Consumer Trust in a Health-Enhancing Innovation: Comparisons between Finland, Germany, and the United Kingdom

Research output: Contribution to journalArticleScientificpeer-review

Abstract

A health effect is a credence quality feature which is difficult for consumers to detect, and they need to be convinced of its trustworthiness. This study explores the role of trust-related arguments in Finnish, German, and British consumers' willingness to try a novel health-enhancing, non-edible product. Scientific evidence in particular would convince consumers, particularly Finnish ones, to try a product. Receiving recommendations from other users was more important for younger than for older respondents when it came to trying this type of product. Different marketing strategies may be needed to convince potential users of the benefits of a novel product.

Original languageEnglish
JournalJournal of International Consumer Marketing
Volume31
Issue number2
Pages (from-to)162-176
Number of pages15
ISSN0896-1530
DOIs
Publication statusPublished - 23 Apr 2019
MoE publication typeA1 Journal article-refereed

Fields of Science

  • CARE
  • DETERMINANTS
  • FUNCTIONAL FOODS
  • INFORMATION
  • PERCEPTION
  • PRODUCT DEVELOPMENT
  • PUBLIC ACCEPTANCE
  • RISK
  • SAFETY
  • Trust
  • WILLINGNESS-TO-PAY
  • consumer behavior
  • health
  • innovation
  • willingness to try
  • 511 Economics

Cite this

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title = "Consumer Trust in a Health-Enhancing Innovation: Comparisons between Finland, Germany, and the United Kingdom",
abstract = "A health effect is a credence quality feature which is difficult for consumers to detect, and they need to be convinced of its trustworthiness. This study explores the role of trust-related arguments in Finnish, German, and British consumers' willingness to try a novel health-enhancing, non-edible product. Scientific evidence in particular would convince consumers, particularly Finnish ones, to try a product. Receiving recommendations from other users was more important for younger than for older respondents when it came to trying this type of product. Different marketing strategies may be needed to convince potential users of the benefits of a novel product.",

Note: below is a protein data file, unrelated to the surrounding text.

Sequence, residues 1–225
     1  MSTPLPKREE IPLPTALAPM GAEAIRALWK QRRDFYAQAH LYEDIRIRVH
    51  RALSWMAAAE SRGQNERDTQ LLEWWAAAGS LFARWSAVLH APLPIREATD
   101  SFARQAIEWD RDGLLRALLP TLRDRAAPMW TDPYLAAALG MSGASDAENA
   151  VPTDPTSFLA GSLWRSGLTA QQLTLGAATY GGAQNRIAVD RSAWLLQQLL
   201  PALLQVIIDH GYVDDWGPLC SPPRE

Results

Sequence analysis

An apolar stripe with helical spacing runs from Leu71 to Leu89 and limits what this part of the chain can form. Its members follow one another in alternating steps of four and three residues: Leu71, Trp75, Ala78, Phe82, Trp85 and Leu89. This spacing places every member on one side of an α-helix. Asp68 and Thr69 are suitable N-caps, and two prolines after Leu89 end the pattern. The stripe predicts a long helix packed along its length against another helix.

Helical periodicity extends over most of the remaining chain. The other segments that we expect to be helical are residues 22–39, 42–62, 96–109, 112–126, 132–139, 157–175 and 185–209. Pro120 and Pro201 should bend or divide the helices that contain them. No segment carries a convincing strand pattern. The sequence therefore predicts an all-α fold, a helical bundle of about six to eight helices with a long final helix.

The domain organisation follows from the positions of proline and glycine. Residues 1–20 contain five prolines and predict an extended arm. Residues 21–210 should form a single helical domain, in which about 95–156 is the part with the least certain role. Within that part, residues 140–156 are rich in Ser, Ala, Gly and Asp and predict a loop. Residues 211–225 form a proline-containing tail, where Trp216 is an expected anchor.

keywords = "CARE, DETERMINANTS, FUNCTIONAL FOODS, INFORMATION, PERCEPTION, PRODUCT DEVELOPMENT, PUBLIC ACCEPTANCE, RISK, SAFETY, Trust, WILLINGNESS-TO-PAY, consumer behavior, health, innovation, willingness to try, 511 Economics",
author = "Riikka Puhakka and Sari Ollila and Raisa Valve and Sinkkonen, {Aki Tapio}",
year = "2019",
month = "4",
day = "23",
doi = "10.1080/08961530.2018.1498757",
language = "English",
volume = "31",
pages = "162--176",
journal = "Journal of International Consumer Marketing",
issn = "0896-1530",
publisher = "INTERNATIONAL BUSINESS PRESS",
number = "2",

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T1 - Consumer Trust in a Health-Enhancing Innovation

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AU - Puhakka, Riikka

AU - Ollila, Sari

AU - Valve, Raisa

AU - Sinkkonen, Aki Tapio

PY - 2019/4/23

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AB - A health effect is a credence quality feature which is difficult for consumers to detect, and they need to be convinced of its trustworthiness. This study explores the role of trust-related arguments in Finnish, German, and British consumers' willingness to try a novel health-enhancing, non-edible product. Scientific evidence in particular would convince consumers, particularly Finnish ones, to try a product. Receiving recommendations from other users was more important for younger than for older respondents when it came to trying this type of product. Different marketing strategies may be needed to convince potential users of the benefits of a novel product.

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KW - DETERMINANTS

KW - FUNCTIONAL FOODS

KW - INFORMATION

KW - PERCEPTION

KW - PRODUCT DEVELOPMENT

KW - PUBLIC ACCEPTANCE

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KW - WILLINGNESS-TO-PAY

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KW - health

KW - innovation

KW - willingness to try

KW - 511 Economics

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